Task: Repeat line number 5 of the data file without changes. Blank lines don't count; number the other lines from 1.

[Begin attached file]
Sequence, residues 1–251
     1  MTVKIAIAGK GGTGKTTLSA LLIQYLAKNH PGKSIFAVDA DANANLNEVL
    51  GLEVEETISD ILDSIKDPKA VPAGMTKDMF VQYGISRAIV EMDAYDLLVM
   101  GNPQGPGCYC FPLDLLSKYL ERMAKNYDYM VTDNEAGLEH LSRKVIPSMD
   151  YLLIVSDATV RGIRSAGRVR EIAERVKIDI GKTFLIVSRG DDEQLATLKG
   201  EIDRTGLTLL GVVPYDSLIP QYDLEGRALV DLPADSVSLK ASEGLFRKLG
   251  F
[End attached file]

   151  YLLIVSDATV RGIRSAGRVR EIAERVKIDI GKTFLIVSRG DDEQLATLKG